Book Review: A Little Life

Thursday 17 September 2015 by

A Little Life, Hanya Yanagihara, Book, Reading, Man Booker 2015A Little Life by Hanya Yanagihara

Published by Picador

When four graduates from a small Massachusetts college move to New York to make their way, they’re broke, adrift, and buoyed only by their friendship and ambition. There is kind, handsome Willem, an aspiring actor; JB, a quick-witted, sometimes cruel Brooklyn-born painter seeking entry to the art world; Malcolm, a frustrated architect at a prominent firm; and withdrawn, brilliant, enigmatic Jude, who serves as their centre of gravity.

Over the decades, their relationships deepen and darken, tinged by addiction, success, and pride. Yet their greatest challenge, each comes to realize, is Jude himself, by midlife a terrifyingly talented litigator yet an increasingly broken man, his mind and body scarred by an unspeakable childhood, and haunted by what he fears is a degree of trauma that he’ll not only be unable to overcome – but that will define his life forever.

~*~

If you’re not emotionally exhausted enough by the last few reads, then be prepared to be totally beaten up by A Little Life. The hot favourite to win the Man Booker, this book has become a cult success online, but it really it unutterably relentless with the emotional bombardment.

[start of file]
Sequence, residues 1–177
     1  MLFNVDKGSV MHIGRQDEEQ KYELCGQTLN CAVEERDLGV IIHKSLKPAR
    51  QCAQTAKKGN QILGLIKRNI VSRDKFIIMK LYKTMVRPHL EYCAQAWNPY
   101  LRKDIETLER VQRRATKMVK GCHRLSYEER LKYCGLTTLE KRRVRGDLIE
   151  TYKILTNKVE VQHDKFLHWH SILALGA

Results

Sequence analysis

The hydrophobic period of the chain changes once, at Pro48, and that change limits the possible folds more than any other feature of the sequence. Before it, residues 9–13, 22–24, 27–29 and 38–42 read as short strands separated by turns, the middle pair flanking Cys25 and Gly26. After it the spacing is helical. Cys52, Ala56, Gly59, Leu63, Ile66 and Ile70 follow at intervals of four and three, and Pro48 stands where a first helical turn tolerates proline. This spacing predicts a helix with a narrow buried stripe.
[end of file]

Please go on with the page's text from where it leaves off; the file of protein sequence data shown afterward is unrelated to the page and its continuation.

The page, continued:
Each chapter switches between perspectives amongst the large cast. However, the main character is Jude, around whom everyone hovers. Jude is painfully scarred – physically and mentally – and it is on this that the whole book hinges.

There is a lot to take in – you have to be wary of which character you’re following in each chapter, but little by little, they peel back the layers of their story. When I say it goes from bad to worse, I really mean it. Poor Jude never catches a break. It’s like some terrible tragedy.

This book is beautiful, mind. Yanagihara is a fantastic writer, and you can well see why it is a favourite (though it’s not my choice), and the story soars with its exquisite beauty. I found myself lost in the story and struggling to come back to reality – craving the moment I could return to it. Jude – poor, damaged Jude – is a fantastic protagonist. He is so complex that you can’t even hope to plumb the depths in the 720 pages you’re given. The other characters are also imagined with great flair – they are multifaceted, and feel real, bringing their own qualities and faults to the storyline.

There is also a strong sense of place with this novel. You tour New York with them, and get a strong sense of place – sights, smells and sounds. It’s epic, as much a character itself as the others. I love New York, and this is a love letter to the city.

I can’t quite put my finger on what is so good about this book. Perhaps that’s why it’s so good – it grasps on to you, but does so gently, without being too abrasive or overconfident. It is as shy and nervous as Jude, but as loveable as well. A strong contender.

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